A New York Times article about 'ok boomer' is functionally a death-sentence, and that's what happened with 'ok boomer'.
It wouldn't seem that way at first, because whenever a meme gets exposure like that, it becomes ubiquitous.
But once a meme becomes ubiquitous, it means it will die soon after. By the time actual boomers are exposed enough to a meme to write thinkpieces about it, it's already past the apex of its meme cycle
Gentrification houses look like Dutch rowhouses because it evokes capitalism's roots! Several images to prove it, and more!
Las Vegas passed a law that functionally makes homelessness illegal by banning public sleeping if there are shelter beds currently available (spoiler alert: there likely is always shelter beds available somewhere, but that's not the issue).
People in Philadelphia comment on how it's a "union town", but regardless of history, the labor laws and current lack of unions here currently sucks.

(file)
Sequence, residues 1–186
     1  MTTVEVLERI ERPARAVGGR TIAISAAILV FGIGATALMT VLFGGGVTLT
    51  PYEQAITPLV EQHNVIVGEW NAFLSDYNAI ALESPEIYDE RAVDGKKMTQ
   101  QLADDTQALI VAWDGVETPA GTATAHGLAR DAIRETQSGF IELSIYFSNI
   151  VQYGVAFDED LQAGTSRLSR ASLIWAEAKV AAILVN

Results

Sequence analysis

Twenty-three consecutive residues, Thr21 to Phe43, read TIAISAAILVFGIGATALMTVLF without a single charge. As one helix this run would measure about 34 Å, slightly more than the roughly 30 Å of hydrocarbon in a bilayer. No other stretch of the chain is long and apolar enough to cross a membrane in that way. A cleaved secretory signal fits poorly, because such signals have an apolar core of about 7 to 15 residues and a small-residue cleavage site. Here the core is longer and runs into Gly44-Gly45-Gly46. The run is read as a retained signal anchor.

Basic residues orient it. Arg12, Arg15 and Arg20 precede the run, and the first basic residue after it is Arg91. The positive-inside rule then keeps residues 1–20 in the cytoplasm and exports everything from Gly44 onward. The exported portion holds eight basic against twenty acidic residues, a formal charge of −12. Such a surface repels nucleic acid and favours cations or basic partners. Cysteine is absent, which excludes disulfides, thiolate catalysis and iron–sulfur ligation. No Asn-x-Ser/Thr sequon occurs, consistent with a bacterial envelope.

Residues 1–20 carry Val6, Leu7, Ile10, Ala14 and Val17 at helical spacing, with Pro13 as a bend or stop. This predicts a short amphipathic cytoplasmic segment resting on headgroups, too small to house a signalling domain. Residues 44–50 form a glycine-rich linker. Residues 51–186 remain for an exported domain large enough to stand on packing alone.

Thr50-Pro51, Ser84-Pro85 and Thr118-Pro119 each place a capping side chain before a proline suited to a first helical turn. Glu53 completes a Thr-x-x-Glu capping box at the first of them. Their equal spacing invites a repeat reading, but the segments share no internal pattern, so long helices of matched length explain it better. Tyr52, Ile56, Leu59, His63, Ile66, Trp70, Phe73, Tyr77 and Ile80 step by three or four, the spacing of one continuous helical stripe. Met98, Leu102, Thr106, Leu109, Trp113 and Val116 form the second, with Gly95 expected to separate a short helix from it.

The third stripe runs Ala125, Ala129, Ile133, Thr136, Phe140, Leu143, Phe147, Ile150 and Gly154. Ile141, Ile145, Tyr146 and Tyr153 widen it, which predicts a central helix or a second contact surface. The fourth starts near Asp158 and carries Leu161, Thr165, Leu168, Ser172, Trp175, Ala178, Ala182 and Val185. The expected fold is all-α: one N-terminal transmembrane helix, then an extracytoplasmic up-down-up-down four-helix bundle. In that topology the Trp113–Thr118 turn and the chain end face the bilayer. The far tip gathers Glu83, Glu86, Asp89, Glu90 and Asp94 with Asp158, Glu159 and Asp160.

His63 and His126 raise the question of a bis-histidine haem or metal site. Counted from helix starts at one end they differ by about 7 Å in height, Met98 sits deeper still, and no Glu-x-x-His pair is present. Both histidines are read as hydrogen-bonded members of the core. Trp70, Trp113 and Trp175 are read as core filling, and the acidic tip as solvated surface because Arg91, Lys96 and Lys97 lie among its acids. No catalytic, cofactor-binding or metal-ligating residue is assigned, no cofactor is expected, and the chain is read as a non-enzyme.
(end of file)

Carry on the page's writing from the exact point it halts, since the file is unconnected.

American corporations, like the NBA and Blizzard, tell us on one hand that China is evil, but on the other hand, they do business with China. However, when the political and economic converge, the American Middle Class lashes out at the mixed messages.
Americans are struggling with cultural stuff regarding China, because they're realizing how much a world power China now is. But that genie has been out of the bottle for 20+ years, and there's no going back. The only ways to go back is something like going all in on the trade war with China, but that in and of itself would completely shift the global economic landscape.
Even then, China still has enough autonomy that the US definitely can't stop China's growth, and intensifying the China trade war would cut the US out of the biggest source of capital flow, which most American capitalist don't want. Some want the trade war to tip minor things in their favor, but none want to be removed from their overall trading position with China.
Historically, the middle class comprised of small-scale capitalists and white collar professionals. But as inequality continues to grow, the middle class has stratified itself as a cultural pseudo-class.
What do people mean when they talk about the first or third world? It's more complicated than you'd think.